This project will investigate the development of visual depth perception in human infants. It has two main goals. The first is to determine whether depth perception is present in newborn infants. Four experiments will be conducted to achieve this goal. They will use habituation of looking procedures to investigate whether newborn infants can perceive an object's constant physical size despite a change in its distance and retinal image size, and an object's constant physical shape despite a change in its slant and retinal image shape. Because these abilities, called size and shape constancy, require depth perception, their existence in newborns would indicate that some degree of depth perception is present at birth. The second main goal is to conduct a systematic investigation of changes in depth perception during the first seven months of life, and to identify the major transition points in depth perception development. This investigation will focus on the visual information (i.e., the depth cues) that infants use to perceive objects' distances and three-dimensional shapes. The adult visual system uses many depth cues to perceive distance and shape, including kinetic cues produced by motion in the optic array, binocular disparity, and pictorial cues such as perspective and shading. Young infants, in contrast, appear to be insensitive to most of these depth cues. The existing data suggest the hypothesis that infants have rudimentary depth perception abilities bases exclusively on kinetic cues before 3 months of age, that binocular (stereoscopic) depth perception develops between 3 and 4 months, and that sensitivity to the pictorial depth cues first appears between 5 and 7 months. Several experiments are proposed to test this hypothesis. They will use reaching, habituation, and preferential looking measures to seek the earliest age at which infants can perceive objects' distances and shapes from each class of depth cue. If these experiments confirm that sensitivity to kinetic, binocular, and pictorial depth cues develops in a stage-like sequence, follow-up studies will explore the significance of this developmental pattern by investigation how the emergence of sensitivity to a wider range of depth cues affects the infant's ability to perceive the environment's three-dimensional layout. The ultimate goal is a detailed theory of the mechanisms and processes underlying infant depth perception and its development.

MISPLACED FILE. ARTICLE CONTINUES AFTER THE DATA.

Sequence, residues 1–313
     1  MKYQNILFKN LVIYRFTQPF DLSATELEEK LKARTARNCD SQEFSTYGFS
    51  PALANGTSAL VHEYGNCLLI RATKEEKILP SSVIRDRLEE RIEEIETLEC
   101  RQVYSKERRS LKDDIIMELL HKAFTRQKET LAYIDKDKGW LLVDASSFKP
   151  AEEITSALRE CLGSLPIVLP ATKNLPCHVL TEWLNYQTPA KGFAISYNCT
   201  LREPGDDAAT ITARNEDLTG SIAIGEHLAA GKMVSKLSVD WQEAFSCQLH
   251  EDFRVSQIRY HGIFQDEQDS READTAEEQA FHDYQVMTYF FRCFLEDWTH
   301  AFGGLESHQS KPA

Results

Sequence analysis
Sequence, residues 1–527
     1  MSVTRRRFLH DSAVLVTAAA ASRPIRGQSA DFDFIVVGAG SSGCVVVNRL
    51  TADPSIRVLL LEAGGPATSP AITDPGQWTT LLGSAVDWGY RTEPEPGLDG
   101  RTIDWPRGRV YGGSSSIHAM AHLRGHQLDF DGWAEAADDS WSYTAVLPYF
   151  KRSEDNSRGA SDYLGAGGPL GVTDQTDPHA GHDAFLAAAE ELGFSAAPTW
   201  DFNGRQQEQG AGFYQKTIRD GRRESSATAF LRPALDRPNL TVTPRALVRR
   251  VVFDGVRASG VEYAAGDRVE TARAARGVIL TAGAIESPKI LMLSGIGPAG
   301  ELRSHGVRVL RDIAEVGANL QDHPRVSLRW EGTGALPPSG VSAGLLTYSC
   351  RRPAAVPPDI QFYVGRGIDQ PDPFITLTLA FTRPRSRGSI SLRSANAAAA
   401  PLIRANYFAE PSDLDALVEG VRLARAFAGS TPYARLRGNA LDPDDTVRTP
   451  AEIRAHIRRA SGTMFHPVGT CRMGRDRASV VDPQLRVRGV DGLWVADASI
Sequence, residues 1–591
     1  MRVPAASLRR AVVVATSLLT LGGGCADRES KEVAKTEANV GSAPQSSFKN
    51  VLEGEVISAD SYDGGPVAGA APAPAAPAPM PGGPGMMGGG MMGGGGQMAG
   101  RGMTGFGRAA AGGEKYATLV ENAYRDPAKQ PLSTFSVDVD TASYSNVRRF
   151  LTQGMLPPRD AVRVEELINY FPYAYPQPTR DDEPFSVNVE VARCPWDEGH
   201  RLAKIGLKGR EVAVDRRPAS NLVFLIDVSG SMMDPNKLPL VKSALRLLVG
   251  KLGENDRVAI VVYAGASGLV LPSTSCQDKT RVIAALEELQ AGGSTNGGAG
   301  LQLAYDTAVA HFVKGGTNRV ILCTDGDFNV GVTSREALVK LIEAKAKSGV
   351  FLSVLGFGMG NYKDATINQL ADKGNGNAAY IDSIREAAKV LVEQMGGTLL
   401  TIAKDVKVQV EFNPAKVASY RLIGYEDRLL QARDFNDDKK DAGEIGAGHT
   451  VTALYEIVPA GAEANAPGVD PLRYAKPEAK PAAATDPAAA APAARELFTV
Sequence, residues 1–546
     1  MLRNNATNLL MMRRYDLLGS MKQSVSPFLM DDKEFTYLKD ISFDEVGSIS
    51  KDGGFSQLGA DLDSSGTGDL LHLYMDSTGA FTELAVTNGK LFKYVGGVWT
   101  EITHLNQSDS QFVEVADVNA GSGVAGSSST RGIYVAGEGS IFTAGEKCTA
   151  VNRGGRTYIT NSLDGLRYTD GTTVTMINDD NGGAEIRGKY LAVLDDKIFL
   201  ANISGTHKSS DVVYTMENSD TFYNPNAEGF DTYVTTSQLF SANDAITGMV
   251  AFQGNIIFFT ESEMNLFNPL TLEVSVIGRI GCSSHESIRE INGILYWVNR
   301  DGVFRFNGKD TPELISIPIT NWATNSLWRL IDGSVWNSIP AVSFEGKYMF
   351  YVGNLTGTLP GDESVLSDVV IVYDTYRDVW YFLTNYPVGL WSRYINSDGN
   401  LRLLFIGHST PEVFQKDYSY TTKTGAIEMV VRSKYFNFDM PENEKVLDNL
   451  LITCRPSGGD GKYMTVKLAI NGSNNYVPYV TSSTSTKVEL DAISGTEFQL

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Carnegie-Mellon University
Schools of Arts and Sciences
United States
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